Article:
The 18th annual Niagara Icewine Festival has come and gone, but that doesn’t mean you must wait a year to start planning a trip to the Ontario township of Niagara-on-the-Lake.
In fact, the seasons other than winter offer more abundant scenery and, of course, more comfortable temperatures for walking around what has been voted the “Loveliest Town in Canada.” It’s also easier to reach sans snow and ice, a quick 30-minute drive north of Niagara Falls.
One could spend an entire vacation in this welcoming hamlet, learning about its connection to the War of 1812 and the Underground Railroad, strolling through meticulously landscaped parks, and enjoying the Victorian-era storefronts.
Book a stay at the Harbour House, and you’ll start each day with a full breakfast; then after a day of touring, you’ll return to a room with a whirlpool tub and fireplace.
There’s no shortage of dinner destinations, either. Among the restaurants recommended by locals are Bistro Six-One (the Grilled Maple Salmon is outstanding), the Cannery at Pillar and Post (specializing in comfort food with a twist, such as a Modern Vegan Cassoulet and Cornmeal Encrusted Pickerel) and Stone Road Grille (the Roasted Root Vegetable Risotto and the Short Rib Pot Pie are favorites, and the wine list features numerous local bottles).
Day trips to the local wineries are very convenient, with 28 nestled below the Escarpment from the Niagara River Parkway to the shores of Lake Ontario.
The estates are renowned for making “terroir” wines that fully express the grape varietals and vineyards from which they came. Within the designated viticultural area known as the Niagara Peninsula, Niagara-on-the-Lake has been classified by Vintners Quality Alliance Ontario as a distinct area.
Niagara-on-the-Lake is bordered by three unique geographical features: the Niagara Escarpment, Lake Ontario and the Niagara River. The wineries share a climate moderated by the unique relationship among those geographical factors.
Yet, across this expanse of fertile land, the wine estates are differentiated by geology, soils, elevation, and variations in temperature and precipitation. These distinct growing conditions are responsible for the four sub-appellations of Niagara-on-the-Lake: Niagara River, Niagara Lakeshore, Four Mile Creek and St. David’s Bench.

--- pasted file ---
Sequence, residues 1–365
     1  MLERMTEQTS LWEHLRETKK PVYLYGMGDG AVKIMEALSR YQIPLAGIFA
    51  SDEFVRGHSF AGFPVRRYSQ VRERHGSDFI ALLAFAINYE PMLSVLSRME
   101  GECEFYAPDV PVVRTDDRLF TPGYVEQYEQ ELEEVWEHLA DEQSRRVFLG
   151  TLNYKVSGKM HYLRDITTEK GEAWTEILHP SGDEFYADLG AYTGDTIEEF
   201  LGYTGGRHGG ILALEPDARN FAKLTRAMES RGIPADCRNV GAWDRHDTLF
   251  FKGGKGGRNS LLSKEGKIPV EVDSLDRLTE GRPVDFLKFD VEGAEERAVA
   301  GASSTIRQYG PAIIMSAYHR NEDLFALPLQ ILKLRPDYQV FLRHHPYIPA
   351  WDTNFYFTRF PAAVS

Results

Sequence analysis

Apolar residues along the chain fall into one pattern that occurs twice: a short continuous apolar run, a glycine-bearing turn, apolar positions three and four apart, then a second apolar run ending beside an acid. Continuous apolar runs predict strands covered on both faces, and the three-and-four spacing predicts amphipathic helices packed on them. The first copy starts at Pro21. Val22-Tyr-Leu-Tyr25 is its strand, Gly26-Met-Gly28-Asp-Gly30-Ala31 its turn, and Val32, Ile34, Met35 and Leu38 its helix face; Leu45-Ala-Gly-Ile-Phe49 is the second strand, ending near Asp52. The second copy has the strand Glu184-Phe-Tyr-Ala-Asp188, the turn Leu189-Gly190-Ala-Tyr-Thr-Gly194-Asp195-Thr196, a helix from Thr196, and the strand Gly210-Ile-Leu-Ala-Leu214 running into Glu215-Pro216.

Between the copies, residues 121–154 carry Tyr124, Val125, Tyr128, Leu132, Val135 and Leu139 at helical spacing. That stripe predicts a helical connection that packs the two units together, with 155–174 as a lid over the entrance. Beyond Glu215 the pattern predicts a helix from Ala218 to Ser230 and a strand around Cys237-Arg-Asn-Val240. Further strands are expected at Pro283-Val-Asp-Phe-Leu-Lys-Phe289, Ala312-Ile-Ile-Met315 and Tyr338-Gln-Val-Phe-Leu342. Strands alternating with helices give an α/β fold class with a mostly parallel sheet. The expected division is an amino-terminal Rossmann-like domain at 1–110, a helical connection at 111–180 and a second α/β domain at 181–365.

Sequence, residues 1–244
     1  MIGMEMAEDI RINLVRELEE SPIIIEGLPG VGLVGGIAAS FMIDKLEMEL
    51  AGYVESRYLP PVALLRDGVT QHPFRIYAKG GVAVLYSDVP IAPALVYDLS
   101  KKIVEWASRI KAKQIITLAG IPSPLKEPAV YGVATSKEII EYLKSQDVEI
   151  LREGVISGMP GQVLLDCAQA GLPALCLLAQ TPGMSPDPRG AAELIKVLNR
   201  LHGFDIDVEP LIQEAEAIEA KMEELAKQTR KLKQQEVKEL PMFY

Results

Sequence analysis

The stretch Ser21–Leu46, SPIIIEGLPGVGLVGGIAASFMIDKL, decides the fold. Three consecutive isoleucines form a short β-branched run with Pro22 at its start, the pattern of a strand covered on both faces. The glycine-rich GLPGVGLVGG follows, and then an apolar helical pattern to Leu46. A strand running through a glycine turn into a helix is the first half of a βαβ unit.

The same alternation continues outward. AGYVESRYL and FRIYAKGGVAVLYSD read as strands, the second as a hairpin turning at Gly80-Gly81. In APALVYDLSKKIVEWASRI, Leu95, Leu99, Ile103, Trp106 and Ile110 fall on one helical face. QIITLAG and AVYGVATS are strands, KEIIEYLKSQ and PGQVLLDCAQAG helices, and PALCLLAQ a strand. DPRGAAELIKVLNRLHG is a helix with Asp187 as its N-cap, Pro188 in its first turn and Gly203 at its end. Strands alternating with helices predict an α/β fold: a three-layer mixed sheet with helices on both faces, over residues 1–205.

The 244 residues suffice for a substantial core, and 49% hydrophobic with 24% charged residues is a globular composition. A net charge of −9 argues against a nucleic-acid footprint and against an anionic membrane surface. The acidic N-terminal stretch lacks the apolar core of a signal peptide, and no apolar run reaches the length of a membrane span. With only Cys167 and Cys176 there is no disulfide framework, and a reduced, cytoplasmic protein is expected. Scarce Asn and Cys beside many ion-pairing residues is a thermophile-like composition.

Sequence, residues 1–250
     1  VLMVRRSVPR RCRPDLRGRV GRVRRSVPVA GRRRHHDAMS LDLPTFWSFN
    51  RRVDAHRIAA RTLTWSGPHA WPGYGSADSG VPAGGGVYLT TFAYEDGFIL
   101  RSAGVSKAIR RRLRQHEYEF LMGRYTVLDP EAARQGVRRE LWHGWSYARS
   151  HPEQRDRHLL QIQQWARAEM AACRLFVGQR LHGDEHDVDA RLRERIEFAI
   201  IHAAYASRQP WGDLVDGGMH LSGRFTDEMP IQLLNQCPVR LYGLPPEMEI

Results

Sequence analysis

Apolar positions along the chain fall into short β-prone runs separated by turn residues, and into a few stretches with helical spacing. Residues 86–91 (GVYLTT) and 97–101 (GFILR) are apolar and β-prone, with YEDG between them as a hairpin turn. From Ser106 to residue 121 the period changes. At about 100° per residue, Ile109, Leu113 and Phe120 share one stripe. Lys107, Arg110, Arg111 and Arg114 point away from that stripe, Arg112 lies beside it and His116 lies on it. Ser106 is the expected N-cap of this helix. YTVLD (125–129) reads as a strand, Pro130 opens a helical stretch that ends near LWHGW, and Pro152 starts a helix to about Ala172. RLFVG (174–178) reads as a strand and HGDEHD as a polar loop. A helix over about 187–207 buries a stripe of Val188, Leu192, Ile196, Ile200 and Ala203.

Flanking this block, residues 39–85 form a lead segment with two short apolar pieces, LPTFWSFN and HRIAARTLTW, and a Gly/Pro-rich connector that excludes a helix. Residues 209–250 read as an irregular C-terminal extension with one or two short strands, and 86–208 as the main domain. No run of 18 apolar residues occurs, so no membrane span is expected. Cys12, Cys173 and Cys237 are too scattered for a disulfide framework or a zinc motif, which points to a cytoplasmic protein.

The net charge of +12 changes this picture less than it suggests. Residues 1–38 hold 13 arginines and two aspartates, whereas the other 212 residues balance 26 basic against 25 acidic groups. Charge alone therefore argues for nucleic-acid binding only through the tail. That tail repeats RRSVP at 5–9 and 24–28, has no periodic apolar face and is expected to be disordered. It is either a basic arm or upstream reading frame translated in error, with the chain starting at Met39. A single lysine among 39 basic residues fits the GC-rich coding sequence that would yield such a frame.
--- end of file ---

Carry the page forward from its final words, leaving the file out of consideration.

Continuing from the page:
While a great many varieties are grown in the region, Icewine is what put Niagara-on-the-Lake on the world wine map. Elegant… silky… lush… decadent. It has been said that wine critics wear out their thesauruses when describing Icewine.
And little wonder: Year after year, the Icewines made by Niagara-on-the-Lake estates take top awards at competitions around the globe—something that no doubt warms the hearts of the local vintners when the winter weather turns frigid.
A true Icewine can be made only from grapes that have naturally frozen on the vine, and then are picked when the thermometer dips to -8° C (or lower). The solidly frozen grapes are hand-picked and pressed immediately in order to gently release the drops of thick, rich, yellow-gold liquid, highly concentrated in natural sugars and acidity. The yields are miniscule, but the results are sumptuous and perfectly sweet wines that can function as desserts themselves.
Don’t tell that to the chefs in the area, however. Many will serve Icewine as an apetritif, alongside soft cheeses and rich pates or foie gras. Icewine also can be a tasty companion to spicy Thai fare and curry dishes.
The grape growers and vintners of Niagara-on-the-Lake also are leaders in sustainable practices. They have built LEED (Leadership in Energy and Environmental Design)-certified wineries and winemaking facilities; implemented integrated pest management methods in the vineyards to reduce and eliminate the need for pesticides, herbicides and insecticides; begun using lightweight glass for wine bottles; started using grape pomace, stems and leaves as compost in the vineyards; and even introduced lambs to the vineyards to thin leaves on the vines and create compost.
The winery owners of Niagara-on-the-Lake prove that North American “wine country” is not limited to California or even to the United States. Less than an hour from the honeymoon capital of America, a truly unique vinous experience awaits.
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